In light of the above, a grievance filing day will take play on May 7. You can support this action by:

  • Downloading a copy of the grievance <http://tinyurl.com/grievanceNC> form and mailing it in on May 7 in support of incarcerated friends or family!
  • Making the calls below on Thursday, May 7.
  • Joining supporters in Raleigh for a car demo at Central Prison on Saturday, May 9 (meet at Dix Park at 5:15pm) – banners and noise makers encouraged!

As anti-authoritarians and prison abolitionists, we know there is no such thing as a humane prison or cage. Prison signals a crisis not simply when it is too big or too brutal, but because it emerges out of a society that views people as disposable and seeks to displace responsibility for accountability onto an abstract entity (the state) rather than empower individuals and communities to define what healing and wholeness mean for themselves. So in advocating for improved conditions of confinement we do not seek a legitimization of prison, but only to lessen the suffering of our comrades and to enable them to keep fighting, knowing they are supported and have not been forgotten behind the walls.

PHONE ZAP CALL SCRIPT :

“Hello, I’m calling in support of prisoners who are filing grievances with the Department of Justice today about a wide range of abusive and inhumane conditions. I want to express my strong support for the demands of these individuals, and for their families and loved ones who are also being harmed by these conditions and policies. I especially want to emphasize the urgent need to end the discriminatory and dangerous JPay policy, which restricts who can put money in an inmate’s commissary account. This policy has INCREASED violence and strong-arming over the last year, which is the opposite of DPS’ stated goal of curbing extortion. By forcing inmates to become indigent and desperate, you are ensuring more victimization.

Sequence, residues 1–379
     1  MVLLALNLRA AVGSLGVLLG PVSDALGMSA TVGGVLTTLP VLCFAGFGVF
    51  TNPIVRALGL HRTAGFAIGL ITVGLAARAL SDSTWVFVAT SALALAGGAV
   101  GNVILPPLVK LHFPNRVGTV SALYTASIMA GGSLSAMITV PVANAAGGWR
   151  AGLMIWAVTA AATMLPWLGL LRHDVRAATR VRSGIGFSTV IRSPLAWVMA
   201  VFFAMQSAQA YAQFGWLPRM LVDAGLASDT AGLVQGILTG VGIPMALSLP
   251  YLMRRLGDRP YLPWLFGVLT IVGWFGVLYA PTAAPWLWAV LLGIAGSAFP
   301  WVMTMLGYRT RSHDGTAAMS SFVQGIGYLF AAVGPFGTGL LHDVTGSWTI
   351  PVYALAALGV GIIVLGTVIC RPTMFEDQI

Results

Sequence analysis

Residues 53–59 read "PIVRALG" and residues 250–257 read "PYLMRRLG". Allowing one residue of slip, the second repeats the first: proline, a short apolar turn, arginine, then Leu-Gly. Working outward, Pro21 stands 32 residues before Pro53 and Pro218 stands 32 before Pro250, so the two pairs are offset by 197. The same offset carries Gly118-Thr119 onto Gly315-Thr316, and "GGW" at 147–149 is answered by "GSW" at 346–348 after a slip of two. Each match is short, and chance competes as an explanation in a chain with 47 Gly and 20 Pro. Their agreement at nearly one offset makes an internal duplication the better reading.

Additionally, the policy violates the equal protection clause of the US and the NC Constitutions. If DPS sincerely wishes to curb strong-arming, it must admit failure and end this policy immediately.”

Bob Steinburg, Chairman of the Senate Select Committee for Prison Safety: Phone: 919-715-8293 Email: [email protected]

Erik Hooks, Secretary of NC Department of Public Safety: Phone: 919-662-4500 Email: [email protected]

Todd Ishee, Commissioner of Prisons: Phone: 919-838-4000 House Phone: (330)544-4425 Email: [email protected]

Write to Shinewhite & Randy: Joseph Stewart #0802041 4285 Mail Service Center Raleigh, NC 27699 Randy Watterson #0427985 527 Commerce Drive Elizabeth City, NC 27909

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[email protected] is a collective of anarchists who believe that jails and prisons, rather than offering a solution to the harms people commit against themselves and their communities, instead make social problems worse. We are a prison abolitionist organization, which is to say we are part of a wider movement working towards an end of incarceration and the creation of alternative, transformative forms of justice in our society.